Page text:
On Sunday, the world will celebrate the 50th anniversary of the Beatles’ first appearance on American television. The event may not garner an official tortilla chip or soft drink, but it will surely draw attention from at least four generations of Americans.
Twisting and shouting most intensely will be one sliver of the population, a group with an eye on their IRAs and
dismayed by that not-so-fresh face in the mirror. These folks were at just the right age, say 10 to 15 years old, to feel the impact of the band and its music, to be escorted though adolescence by a new and defining sound.
On behalf of those people, I would like to make three small requests of everyone else.
First, grant us our memories. That Sunday night in 1964 caught us all off-guard, in our stretchy stirrup pants, hair tortured by Toni home perms and our flat-footed Keds. The Beatles stirred our young hearts with simple songs like “I want to hold your hand” and “She loves you.” In the frenzied days that followed, my fantasies toggled between Paul McCartney as my boyfriend and Paul McCartney as my father. (I lay in bed at night waiting for him to come and adopt me.)
Boys brought out their tissue-box guitars, and girls gathered in basements to dance to singles played on little plastic record players that closed up like suitcases. We sensed a new distance from adults who didn’t share this exhilaration, especially from those who spoke harshly about long-haired thugs and wouldn’t have the music in their homes. We knew that something had changed, but at that point it was mostly that hair should hang down straight, not swirl upward or –heaven help us – wave or curl.
Just thinking about who we were then summons an amused and half-embarrassed smile, and that leads to my second request: Please don’t laugh at us. We didn’t laugh at your Michael Jackson phase, as you moon-walked through middle school and replayed your Thriller VHS tape until it stretched thin. Those of us with children not only suffered through NSYNC and the Backstreet Boys but shelled out big bucks for CDs and concert tickets. We didn’t laugh at those fans, either. Better to be passionate about something than not passionate at all.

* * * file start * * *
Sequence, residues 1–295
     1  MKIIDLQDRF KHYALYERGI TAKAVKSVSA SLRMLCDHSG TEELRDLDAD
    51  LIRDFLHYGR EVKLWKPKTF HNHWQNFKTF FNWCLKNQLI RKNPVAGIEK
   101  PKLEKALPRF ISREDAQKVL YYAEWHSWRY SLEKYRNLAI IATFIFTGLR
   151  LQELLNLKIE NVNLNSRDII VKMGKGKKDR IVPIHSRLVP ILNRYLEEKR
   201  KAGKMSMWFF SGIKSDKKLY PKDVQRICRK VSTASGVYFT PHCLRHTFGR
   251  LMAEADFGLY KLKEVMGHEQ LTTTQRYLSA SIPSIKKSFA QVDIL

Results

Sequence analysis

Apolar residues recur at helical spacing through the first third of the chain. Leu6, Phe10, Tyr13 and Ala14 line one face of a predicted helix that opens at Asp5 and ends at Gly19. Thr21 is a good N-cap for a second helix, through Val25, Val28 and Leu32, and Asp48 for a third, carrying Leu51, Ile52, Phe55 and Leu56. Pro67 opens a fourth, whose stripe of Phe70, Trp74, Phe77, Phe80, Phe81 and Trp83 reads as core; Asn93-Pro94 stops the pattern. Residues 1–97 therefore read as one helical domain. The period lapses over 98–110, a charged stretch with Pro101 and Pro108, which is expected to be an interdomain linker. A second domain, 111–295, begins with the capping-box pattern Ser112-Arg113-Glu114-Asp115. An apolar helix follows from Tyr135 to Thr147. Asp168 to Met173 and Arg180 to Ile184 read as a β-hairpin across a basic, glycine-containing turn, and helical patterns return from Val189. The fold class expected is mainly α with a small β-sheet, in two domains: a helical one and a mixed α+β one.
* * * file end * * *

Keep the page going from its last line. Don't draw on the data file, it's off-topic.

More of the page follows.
And you Hannah Montana groupies: Well, you don’t have anything to laugh about these days, but I’m sure time will bring poor Miley to her senses.
My only hope is that everyone has a sweet memory of a band or a singer or a rapper, no matter how imitative or corporate-driven, that popped you out of your skin and showed you that there was a world out there to be seen and heard and felt.
Looking back at the pop-music marketplace, I’d say we Beatles fans were the lucky ones. Our boys stuck around, not as long as the Rolling Stones or the range of bands out there on the nostalgia circuit, but long enough to launch a generation into adulthood. With those early hits, the Beatles earned freedom and resources to experiment and add complexity to their music. With each album they shook us up a bit, with anger (“Run for your life” on Rubber Soul), irony (“Back in the USSR” on the white album), and bewilderment (“Eleanor Rigby,” released as a single). As the Vietnam War protests grew violent, they gave us pause with “Revolution” and turned our sights toward peace.
The Beatles got a lot of people thinking and caring in new ways. And so my third request is that we all demand more from our lyrical poets, our musical innovators, and from all of those performers who inspire us, speak for us and in many ways decide who we are as a culture.
Some say the music market, now so segmented, precludes another Beatles from gaining such a magnitude of influence. Yet magnitude may not be the answer. The Beatles expressed many creative impulses, and their combined work lifts them beyond the extremes of any single jag that they chose to explore.
Once we turn off the Ed Sullivan rerun on Sunday, maybe we can use our purchasing power to revive that sense of wonder and experimentation and risk-taking that the Beatles inspired 50 years ago and that surges up on those minor XM radio channels from time to time. I, for one, would kick off my comfortable shoes for one more chance to feel the world tilt in that direction again.
Rebecca Duncan is a professor of English at Meredith College in Raleigh.